PROFESSOR Brian Cox has brought his expertise on all things space to telly – and he's now, for many, the face of popular science.

But the TV favourite, who is currently fronting BBC Two's The Planet, had a past in 90s dance music. Here's what we know about him…

Is Professor Brian Cox married?

The 50-year-old, who lives in Battersea, has been married to US science presenter Gia Milinovich since 2003.

She has said her initial attraction to Brian began when she saw he had a CERN email address.

The pair have a son called George who is eight years old and Gia has a son called Moki from a previous relationship.

What band was he in?

Born in Oldham, Lancashire – to banker parents – young Brian was into hobbies like bus spotting and dancing, before Carl Sagan's book Cosmos got him on to physics.

However, he got a D in his Maths A-Level – and his first major pursuit in life was music.

He played keyboard with the rock band Dare from 1988 to 1991, and released two albums with them, before joining 90s band D:Ream as a keyboardist.

Their biggest hit was Things Can Only Get Better – though Brian didn't actually play on the track, as bandmate Peter Cunnah tended to play keyboard in the studio.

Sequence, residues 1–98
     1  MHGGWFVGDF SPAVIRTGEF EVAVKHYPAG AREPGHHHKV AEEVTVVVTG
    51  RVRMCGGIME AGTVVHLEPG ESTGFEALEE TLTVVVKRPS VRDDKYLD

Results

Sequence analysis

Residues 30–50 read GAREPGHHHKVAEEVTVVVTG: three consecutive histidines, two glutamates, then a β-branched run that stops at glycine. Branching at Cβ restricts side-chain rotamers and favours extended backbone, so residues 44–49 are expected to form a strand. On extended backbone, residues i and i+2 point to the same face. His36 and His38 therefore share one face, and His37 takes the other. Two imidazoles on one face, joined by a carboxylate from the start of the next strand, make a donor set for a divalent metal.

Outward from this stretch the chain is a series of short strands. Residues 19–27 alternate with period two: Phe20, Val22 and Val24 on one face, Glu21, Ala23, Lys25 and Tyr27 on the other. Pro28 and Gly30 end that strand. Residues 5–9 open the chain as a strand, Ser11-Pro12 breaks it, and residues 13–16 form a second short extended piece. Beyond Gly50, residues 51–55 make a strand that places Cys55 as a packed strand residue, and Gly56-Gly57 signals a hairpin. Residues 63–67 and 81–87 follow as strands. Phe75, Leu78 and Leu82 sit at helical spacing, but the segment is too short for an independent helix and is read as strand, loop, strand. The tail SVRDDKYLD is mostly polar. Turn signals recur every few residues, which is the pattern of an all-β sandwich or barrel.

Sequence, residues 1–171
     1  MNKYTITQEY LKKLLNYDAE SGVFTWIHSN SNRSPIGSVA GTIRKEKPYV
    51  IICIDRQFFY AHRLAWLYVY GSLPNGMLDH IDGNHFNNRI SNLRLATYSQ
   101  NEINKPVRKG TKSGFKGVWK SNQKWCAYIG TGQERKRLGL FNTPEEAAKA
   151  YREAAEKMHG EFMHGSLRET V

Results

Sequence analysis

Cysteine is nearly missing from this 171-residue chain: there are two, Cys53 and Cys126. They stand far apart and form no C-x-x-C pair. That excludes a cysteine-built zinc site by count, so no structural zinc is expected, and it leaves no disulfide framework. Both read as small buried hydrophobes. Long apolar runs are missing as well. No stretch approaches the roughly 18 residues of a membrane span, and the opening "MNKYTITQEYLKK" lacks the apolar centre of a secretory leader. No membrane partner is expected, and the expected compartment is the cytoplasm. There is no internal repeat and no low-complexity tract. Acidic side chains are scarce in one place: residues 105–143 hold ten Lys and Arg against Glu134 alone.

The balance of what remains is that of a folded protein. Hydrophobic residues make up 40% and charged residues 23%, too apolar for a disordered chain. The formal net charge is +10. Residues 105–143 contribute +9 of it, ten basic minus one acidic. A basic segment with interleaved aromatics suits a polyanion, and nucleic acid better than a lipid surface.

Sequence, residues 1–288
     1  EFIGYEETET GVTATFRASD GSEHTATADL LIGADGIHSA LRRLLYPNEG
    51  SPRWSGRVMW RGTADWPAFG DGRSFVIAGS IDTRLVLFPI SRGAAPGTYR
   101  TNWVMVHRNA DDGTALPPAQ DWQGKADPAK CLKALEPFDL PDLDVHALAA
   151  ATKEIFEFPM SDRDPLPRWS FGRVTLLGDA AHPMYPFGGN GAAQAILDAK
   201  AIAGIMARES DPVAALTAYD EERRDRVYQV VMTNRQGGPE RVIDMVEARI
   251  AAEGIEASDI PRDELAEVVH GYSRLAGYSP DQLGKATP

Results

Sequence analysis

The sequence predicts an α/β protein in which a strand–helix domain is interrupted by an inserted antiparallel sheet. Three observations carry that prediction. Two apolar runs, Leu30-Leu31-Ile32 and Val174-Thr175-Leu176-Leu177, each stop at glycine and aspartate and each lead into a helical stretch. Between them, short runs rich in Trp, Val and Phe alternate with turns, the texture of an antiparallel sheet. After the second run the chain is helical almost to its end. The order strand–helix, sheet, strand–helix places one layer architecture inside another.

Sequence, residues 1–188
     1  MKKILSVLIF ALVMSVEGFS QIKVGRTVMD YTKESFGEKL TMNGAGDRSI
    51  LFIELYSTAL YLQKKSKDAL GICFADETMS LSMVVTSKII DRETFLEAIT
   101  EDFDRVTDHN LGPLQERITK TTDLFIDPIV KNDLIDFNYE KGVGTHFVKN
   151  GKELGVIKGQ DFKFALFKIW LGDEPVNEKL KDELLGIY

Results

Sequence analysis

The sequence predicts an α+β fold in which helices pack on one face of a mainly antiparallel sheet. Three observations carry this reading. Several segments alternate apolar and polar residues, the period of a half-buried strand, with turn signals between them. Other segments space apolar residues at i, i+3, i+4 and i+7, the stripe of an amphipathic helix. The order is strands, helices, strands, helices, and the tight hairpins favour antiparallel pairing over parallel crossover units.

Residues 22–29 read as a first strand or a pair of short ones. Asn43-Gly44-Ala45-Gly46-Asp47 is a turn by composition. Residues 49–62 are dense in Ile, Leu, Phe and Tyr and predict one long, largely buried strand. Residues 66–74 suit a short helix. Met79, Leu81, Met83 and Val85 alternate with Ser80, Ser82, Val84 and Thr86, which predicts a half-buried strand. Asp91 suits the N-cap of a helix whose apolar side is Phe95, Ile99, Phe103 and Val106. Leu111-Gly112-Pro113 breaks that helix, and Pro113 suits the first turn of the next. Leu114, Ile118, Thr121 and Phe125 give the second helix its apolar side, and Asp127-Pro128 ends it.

The cheery pop song was used as the New Labour election anthem.

Brian played with D:Ream before studying for his PhD and briefly returned to provide some keyboard work on their 2011 album In Memory Of…

With a PhD in high-energy particle physicals from Manchester, which he got while studying the Hadron Elektron Ring Anlage in Germany, Cox entered the world of science proper in the early noughties.

When does his new series The Planets start?

Professor Cox's net series tells the life of the Solar System and begins on Tuesday, May 28 at 9pm on BBC2.

In the first episode, he tarts by looking at how life could have developed on other rocky planets similar to ours.

Mercury, Venus, Earth and Mars were all born at the same time as Earth and from the same material but developed in radically different ways.

His television career began in 2005 he began presenting episodes of Horizon on the BBC, with titles like Can We Make A Star On Earth? and What On Earth Is Wrong With Gravity?.

Then, after hosting a one-off show about the Hadron Collider called The Big Bang Machine in 2008, he got his own series.

Wonders Of The Solar System was so popular with BBC viewers in 2010 it got 2011 sequel series Wonders Of The Universe.

This led to numerous other TV presenting projects including Stargazing Live, The Horizon Guide: Moon, In Search Of Science and Wonders Of Life.

He also played himself on a 2012 episode of Doctor Who – and then hosted a 2013 show called The Science Of Doctor Who.

More recently he presented BBC shows Human Universe, Forces Of Nature and The Entire Universe – and this year he landed his first ABC show in the States, Life Of A Universe.

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